A day after adding a playmaker on offense, the Redskins bolstered the defense, signing USC linebacker-safety Su’a Cravens in the second round.
Cravens, who is listed at 6 foot 1, 226 pounds, recorded 86 tackles, including 15 for loss, to go along with 5.5 sacks last season. He also made two interceptions in 2015, giving him a total of nine in three years with the Trojans.
There was much intrigue surrounding Cravens entering the draft because of his flexibility. The Redskins, however, have told the Los Angeles native that he’ll play dime linebacker in Washington.
“Probably every question at the combine was, ‘What positon do you want to play?’” Cravens said on a conference call with Redskins beat writers. “I’d say half of it was safety, half of it was Will linebacker. Not too many teams spoke to me about the dime linebacker position, so the fact that Washington called me, which I wasn’t expecting, and told me that’s where they wanted me to play …that’s a spot where I can fit right in the defense.”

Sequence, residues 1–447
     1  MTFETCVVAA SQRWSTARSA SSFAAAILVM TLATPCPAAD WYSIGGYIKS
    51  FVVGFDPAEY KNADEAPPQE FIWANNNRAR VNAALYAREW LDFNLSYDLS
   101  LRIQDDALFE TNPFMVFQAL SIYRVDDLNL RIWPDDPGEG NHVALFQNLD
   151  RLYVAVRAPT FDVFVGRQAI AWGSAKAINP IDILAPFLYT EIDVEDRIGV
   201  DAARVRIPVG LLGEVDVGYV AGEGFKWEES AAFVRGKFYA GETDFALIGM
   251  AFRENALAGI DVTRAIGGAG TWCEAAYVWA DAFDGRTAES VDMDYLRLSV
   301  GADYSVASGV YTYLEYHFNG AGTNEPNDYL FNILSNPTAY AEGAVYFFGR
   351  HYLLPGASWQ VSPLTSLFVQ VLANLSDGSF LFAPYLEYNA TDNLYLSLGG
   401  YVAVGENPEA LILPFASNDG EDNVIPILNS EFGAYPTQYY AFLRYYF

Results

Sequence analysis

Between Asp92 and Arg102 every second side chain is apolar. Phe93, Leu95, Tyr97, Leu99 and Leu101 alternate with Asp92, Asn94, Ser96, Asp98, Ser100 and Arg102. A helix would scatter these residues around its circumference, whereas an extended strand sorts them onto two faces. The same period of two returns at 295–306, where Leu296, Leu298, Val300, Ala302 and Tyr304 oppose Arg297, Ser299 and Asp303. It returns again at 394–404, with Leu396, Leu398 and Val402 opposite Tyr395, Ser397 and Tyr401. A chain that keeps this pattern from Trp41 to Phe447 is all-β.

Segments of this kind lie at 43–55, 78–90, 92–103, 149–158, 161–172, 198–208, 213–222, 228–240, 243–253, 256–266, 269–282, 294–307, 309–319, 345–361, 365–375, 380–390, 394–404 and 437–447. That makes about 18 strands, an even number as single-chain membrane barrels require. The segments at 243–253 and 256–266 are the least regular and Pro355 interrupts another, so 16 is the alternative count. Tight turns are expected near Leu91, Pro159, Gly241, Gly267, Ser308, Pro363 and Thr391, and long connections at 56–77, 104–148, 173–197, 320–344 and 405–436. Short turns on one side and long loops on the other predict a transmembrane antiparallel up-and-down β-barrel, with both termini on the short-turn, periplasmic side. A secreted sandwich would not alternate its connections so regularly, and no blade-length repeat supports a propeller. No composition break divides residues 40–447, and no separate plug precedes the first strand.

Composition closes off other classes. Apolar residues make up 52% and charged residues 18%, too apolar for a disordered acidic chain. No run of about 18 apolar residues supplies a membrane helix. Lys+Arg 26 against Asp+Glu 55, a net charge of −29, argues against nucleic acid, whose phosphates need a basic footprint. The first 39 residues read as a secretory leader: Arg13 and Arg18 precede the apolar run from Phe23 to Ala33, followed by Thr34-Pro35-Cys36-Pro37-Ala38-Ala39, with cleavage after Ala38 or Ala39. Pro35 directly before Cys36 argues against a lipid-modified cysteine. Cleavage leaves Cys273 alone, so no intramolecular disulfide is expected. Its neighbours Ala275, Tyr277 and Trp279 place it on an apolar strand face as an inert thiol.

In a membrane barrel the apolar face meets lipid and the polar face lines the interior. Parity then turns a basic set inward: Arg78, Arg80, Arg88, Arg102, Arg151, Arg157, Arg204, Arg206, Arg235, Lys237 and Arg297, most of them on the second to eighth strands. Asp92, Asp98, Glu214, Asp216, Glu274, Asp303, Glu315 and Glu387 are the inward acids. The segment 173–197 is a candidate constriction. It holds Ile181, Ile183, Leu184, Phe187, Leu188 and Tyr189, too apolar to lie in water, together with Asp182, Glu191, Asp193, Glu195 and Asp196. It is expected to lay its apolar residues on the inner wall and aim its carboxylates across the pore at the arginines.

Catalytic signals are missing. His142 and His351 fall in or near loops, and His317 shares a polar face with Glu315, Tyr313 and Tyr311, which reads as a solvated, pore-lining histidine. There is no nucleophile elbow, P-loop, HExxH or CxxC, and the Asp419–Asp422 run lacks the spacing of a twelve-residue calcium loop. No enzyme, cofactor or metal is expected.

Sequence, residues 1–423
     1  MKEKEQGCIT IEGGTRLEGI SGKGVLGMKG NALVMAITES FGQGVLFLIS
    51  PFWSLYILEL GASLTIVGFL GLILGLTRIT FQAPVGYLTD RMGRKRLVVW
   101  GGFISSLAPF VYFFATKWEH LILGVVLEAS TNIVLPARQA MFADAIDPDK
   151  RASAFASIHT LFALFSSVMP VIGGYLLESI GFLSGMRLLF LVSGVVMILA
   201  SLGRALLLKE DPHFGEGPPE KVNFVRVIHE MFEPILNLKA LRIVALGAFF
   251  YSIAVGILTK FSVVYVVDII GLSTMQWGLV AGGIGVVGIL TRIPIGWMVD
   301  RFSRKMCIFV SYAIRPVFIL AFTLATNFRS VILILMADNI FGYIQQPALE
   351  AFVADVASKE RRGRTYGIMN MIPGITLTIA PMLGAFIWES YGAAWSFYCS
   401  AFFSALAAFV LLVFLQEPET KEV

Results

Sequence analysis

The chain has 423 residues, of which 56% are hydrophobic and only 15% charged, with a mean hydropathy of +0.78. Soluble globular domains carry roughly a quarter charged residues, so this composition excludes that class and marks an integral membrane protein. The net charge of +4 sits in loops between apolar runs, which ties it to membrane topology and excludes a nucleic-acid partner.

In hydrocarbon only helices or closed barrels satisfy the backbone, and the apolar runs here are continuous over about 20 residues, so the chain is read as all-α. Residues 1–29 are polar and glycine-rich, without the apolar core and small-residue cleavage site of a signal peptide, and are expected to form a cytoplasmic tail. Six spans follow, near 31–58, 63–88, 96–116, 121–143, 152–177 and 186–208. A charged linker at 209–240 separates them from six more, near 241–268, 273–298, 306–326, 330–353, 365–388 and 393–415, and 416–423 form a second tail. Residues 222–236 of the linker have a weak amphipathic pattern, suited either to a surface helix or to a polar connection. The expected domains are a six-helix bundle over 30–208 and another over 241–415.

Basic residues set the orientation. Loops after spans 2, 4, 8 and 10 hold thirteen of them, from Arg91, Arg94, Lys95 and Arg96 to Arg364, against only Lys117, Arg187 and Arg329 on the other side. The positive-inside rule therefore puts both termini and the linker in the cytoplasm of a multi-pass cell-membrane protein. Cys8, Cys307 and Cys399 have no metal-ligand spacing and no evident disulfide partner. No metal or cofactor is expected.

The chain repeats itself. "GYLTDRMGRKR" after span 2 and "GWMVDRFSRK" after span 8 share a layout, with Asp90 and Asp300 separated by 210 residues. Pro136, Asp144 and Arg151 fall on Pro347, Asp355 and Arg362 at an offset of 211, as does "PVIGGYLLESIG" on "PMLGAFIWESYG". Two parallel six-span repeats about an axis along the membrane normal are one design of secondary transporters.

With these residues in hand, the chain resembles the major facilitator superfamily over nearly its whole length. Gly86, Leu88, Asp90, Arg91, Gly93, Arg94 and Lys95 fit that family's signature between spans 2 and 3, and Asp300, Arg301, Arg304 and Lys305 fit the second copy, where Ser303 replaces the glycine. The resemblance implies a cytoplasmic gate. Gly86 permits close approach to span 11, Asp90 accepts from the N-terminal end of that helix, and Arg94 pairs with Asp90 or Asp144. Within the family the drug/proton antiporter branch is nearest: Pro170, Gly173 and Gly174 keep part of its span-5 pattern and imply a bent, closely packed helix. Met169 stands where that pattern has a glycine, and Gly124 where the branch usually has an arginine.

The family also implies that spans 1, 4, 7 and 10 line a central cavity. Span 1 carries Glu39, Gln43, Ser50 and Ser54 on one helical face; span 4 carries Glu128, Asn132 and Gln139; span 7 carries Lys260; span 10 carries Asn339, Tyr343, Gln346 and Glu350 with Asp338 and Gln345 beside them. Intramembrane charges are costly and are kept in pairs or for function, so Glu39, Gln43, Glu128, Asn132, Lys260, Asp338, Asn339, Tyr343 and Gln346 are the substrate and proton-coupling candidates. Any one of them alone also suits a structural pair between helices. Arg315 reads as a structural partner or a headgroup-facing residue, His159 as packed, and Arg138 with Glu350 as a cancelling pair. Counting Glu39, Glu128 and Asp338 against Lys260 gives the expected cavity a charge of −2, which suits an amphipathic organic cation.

Cravens added: “[At USC] I played 3-4 Sam ‘backer, so I was out in space a lot, covering the slot and making plays in open space.”
Cravens boasts a number of NFL family ties. His extended family includes Dolphins tight end Jordan Cameron, a cousin, Chargers linebacker Manti Te'o, a distant cousin, and former Bengals safety David Fulcher, his mother's second cousin.
Cravens has another key NFL connection: Redskins defensive coordinator Joe Barry recruited him at USC when Barry was an assistant with the Trojans in 2010.
“Joe, he recruited me when I was in high school,” Cravens said. “He left before I got to SC, but me and him built a relationship before he had left and he knows my family inside and out, so I got a real good feel from him when I met with Washington at the combine.”
Because of his size, Cravens is somewhat of a tweener—too small to play outside linebacker but a bit bigger than a typical strong safety. A recent trend in the pass-happy NFL has seen teams pursue these types of players because they can be deployed in the box and they can be used to cover tight end and running backs, as well. The prototype is Deone Buccanon; Cravens said he patterns his game after the Cardinals’ linebacker.
“I like that you can be a playmaker,” he said. “I like to be in space, I like to rush off the edge or defend the run. I think those are [the] things I do the best, and things that I excel at.”
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